The former Collingwood full-back achieved the stepladder’s classic swan-dive pose when Richmond flyer Jack O’Rourke took a speccy over him at Punt Road in 1950. Hamilton later fully became the league’s chief commissioner and was renowned for his wry humour. It would have been a trait he summoned after getting to his feet at Punt Road and becoming earmarked as one of the game’s great stepladders.


Great top ten, but I’ve got one small point, which no doubt others have pointed out. Warwick Capper’s mark over Chris Langford was at Waverley in the 1987 qualifying final. The Swans got thumped by 99 points, but Capper got four goals and took his speccy. The dugout in the background of the photo is a bit of a clue, as they never existed at the SCG.

Tim Drew, Flemington

Further to your ten best stepladders, Warwick Capper used Chris Langford as a stepladder at Waverley, not the SCG.  Apart from that, my favourite stepladder was Ricky Quade, who accommodated Trevor Barker on a regular basis. On one ocassion at the Lake Oval, Barker got up on Quade’s shoulders, had time to do his hair for the cameras, and then take one of the greatest grabs I’ve ever seen.

David Rooke, Fairfield

Geelong’s Billy Ryan took a “staircase to heaven” mark in the first quarter of the 1968 first semi-final at the MCG. Trouble is, it’s hard to define who should take the credit as his stepladder. Memory recalls St Kilda’s Brian Sierakowski and Ian Stewart being in the mix.

Rob Parsons, Mount Macedon

My nomination is St Kilda defender Ian Synman, who in the 1968 first semi-final provided Geelong’s Bill Ryan with a lift to take the greatest mark ever. It is the only mark I have seen where one player is standing another’s shoulder.

Peter Roache, Berwick

You’ve missed out on a pearler: Ricky Quade, the former South Melbourne captain, was like a helipad at the Lakeside Oval. Of those who put boot studs in his scone, the main culprits were Trevor Barker, in front of the South Melbourne members’ stand in the late 1970s, and Keith Greig, on the outer wing, also in the late 1970s. Although he was captain, Quade certainly wasn’t our best player. He led from underneath!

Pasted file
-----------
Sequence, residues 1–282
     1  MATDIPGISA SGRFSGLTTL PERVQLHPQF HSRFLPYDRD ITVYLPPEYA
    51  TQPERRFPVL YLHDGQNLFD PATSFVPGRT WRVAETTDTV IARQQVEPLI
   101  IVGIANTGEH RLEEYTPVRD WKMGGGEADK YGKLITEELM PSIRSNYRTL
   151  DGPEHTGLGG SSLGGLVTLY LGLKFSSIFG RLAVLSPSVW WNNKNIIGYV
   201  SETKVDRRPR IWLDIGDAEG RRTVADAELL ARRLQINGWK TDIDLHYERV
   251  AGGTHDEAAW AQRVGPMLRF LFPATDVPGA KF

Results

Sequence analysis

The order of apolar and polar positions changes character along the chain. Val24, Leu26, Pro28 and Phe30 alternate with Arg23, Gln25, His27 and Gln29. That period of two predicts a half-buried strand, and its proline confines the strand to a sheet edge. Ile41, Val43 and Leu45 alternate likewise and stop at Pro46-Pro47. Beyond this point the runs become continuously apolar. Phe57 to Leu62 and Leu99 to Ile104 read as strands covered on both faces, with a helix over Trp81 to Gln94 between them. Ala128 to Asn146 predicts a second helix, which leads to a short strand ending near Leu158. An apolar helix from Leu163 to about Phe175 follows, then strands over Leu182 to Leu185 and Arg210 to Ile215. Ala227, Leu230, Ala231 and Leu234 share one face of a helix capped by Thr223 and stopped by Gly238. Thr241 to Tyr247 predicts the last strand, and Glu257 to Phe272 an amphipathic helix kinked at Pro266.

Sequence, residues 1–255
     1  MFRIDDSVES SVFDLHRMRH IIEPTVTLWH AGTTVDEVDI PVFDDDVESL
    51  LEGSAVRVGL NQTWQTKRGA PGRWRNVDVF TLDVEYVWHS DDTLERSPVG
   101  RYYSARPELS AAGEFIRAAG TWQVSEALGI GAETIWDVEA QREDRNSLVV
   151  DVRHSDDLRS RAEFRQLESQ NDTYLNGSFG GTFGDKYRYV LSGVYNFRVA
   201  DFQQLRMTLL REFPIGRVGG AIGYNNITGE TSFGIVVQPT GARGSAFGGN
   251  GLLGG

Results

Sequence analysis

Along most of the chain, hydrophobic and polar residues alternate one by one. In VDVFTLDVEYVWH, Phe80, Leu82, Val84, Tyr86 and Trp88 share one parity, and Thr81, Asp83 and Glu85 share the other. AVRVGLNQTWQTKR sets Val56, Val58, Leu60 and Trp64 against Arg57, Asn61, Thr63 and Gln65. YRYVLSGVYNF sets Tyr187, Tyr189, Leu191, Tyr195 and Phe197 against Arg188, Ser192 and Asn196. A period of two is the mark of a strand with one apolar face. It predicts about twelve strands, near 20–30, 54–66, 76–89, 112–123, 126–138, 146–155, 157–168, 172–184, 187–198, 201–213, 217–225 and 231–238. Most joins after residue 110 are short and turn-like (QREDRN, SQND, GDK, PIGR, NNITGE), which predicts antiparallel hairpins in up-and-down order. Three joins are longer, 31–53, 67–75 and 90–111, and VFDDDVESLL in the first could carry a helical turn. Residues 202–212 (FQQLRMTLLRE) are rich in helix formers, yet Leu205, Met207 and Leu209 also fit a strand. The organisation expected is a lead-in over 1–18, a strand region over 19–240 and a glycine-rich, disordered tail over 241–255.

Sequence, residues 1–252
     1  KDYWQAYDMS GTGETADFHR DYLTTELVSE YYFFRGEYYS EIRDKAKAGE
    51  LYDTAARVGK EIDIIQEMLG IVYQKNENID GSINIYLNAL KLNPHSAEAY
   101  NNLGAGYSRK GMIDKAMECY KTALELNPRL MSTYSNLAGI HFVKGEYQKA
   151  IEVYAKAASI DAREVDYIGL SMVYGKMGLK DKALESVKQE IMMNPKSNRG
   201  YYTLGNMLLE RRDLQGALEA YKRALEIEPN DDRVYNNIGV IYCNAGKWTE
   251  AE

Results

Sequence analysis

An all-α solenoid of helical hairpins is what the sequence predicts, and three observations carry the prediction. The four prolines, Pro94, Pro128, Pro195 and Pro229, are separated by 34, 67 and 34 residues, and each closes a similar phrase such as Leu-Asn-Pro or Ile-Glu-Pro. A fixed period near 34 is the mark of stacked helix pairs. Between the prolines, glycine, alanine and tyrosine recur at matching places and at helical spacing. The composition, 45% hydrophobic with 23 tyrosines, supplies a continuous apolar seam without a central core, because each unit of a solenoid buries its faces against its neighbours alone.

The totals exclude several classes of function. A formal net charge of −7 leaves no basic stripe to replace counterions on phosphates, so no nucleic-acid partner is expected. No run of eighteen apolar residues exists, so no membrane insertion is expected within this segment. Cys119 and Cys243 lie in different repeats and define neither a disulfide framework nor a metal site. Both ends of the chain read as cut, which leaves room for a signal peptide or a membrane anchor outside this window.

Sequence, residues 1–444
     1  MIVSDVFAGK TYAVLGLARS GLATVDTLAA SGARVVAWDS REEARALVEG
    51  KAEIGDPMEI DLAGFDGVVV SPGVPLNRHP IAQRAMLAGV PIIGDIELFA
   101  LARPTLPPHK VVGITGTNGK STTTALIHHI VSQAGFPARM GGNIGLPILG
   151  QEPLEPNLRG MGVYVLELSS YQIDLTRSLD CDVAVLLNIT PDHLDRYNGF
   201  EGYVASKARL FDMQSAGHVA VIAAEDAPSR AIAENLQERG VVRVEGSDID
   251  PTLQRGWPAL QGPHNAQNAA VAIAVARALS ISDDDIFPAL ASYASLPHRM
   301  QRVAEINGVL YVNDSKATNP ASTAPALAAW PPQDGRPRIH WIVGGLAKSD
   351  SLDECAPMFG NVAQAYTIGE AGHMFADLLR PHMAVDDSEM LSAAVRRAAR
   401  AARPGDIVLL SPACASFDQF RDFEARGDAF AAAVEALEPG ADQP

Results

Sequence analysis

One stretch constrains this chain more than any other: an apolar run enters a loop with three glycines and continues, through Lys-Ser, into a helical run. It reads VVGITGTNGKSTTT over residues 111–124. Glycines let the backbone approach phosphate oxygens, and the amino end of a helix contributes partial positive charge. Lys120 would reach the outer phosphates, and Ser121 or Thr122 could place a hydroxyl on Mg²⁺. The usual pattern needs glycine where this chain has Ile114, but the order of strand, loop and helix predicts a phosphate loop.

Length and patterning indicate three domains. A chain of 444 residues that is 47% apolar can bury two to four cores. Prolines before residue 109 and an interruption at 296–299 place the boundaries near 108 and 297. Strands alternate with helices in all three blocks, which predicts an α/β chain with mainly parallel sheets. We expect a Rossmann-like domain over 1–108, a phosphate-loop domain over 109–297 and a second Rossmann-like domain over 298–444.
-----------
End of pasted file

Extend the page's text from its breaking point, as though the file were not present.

Brian McInerney, Murrumbeena

This is an edited version of an article that first appeared in The Sunday Age on 15 May 2004


  1. johnharms says


    Richard Champion.


  2. Did Sean Smith jump on him?

  3. Surely Warren Tredrea is worth a mention for his Chappie assist in the 2007 GF. Look no further than the cover of the 2007 Almanac for confirmation.

  4. Fair point, Burkie. Great mark. Great cover!

  5. johnharms says


    They all jumped on him. Especially Tony Modra, Kouta, G. Ablett et al


  6. Peter Walker says

    Interesting that about no. 3. Regards Billy Walker’s bro

  7. Peter Walker says

    No 4 Kelvin Moore can’t take all the credit. If you look closer you will see Ian Paton under some of his hangers. In fact Ian was under some of the greatest, inc the Michael Roach screamer.

    Ian will tell you that after one of his 1978 GF marks, Baker took the piss out of The General, & as quick as a flash The Gen replied with “Have a look @ the Scoreboard”. Unfortunately @ the time Snake Baker had just put North ahead ;)

    P.S I have thrown my Richmond 2009 membership out with the rubbish. Regards Peter Walker, Launceston

  8. pauldaffey says

    Hi Peter, my main memory of the 2008 Almanac launch in Launceston is you asking again and again whether Richmond would make the finals. I said yes, but I also tipped Essendon to win the wooden spoon and Mick Malthouse to become a contestant on a reality cooking show. We would have been better off pressing The General to regale us with witticisms like his retort to Snake Baker. Brilliant.